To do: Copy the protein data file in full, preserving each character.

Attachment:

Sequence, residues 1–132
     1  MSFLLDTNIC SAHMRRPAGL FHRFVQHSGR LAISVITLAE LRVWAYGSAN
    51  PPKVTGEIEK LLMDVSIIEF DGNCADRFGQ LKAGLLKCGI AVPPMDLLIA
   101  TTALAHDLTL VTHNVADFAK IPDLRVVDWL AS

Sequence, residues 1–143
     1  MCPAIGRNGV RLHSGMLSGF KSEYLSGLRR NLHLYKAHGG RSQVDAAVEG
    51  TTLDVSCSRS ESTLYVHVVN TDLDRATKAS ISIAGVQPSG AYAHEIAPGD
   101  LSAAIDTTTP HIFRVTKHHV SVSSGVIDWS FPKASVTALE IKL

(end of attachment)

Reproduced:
Sequence, residues 1–132
     1  MSFLLDTNIC SAHMRRPAGL FHRFVQHSGR LAISVITLAE LRVWAYGSAN
    51  PPKVTGEIEK LLMDVSIIEF DGNCADRFGQ LKAGLLKCGI AVPPMDLLIA
   101  TTALAHDLTL VTHNVADFAK IPDLRVVDWL AS

Sequence, residues 1–143
     1  MCPAIGRNGV RLHSGMLSGF KSEYLSGLRR NLHLYKAHGG RSQVDAAVEG
    51  TTLDVSCSRS ESTLYVHVVN TDLDRATKAS ISIAGVQPSG AYAHEIAPGD
   101  LSAAIDTTTP HIFRVTKHHV SVSSGVIDWS FPKASVTALE IKL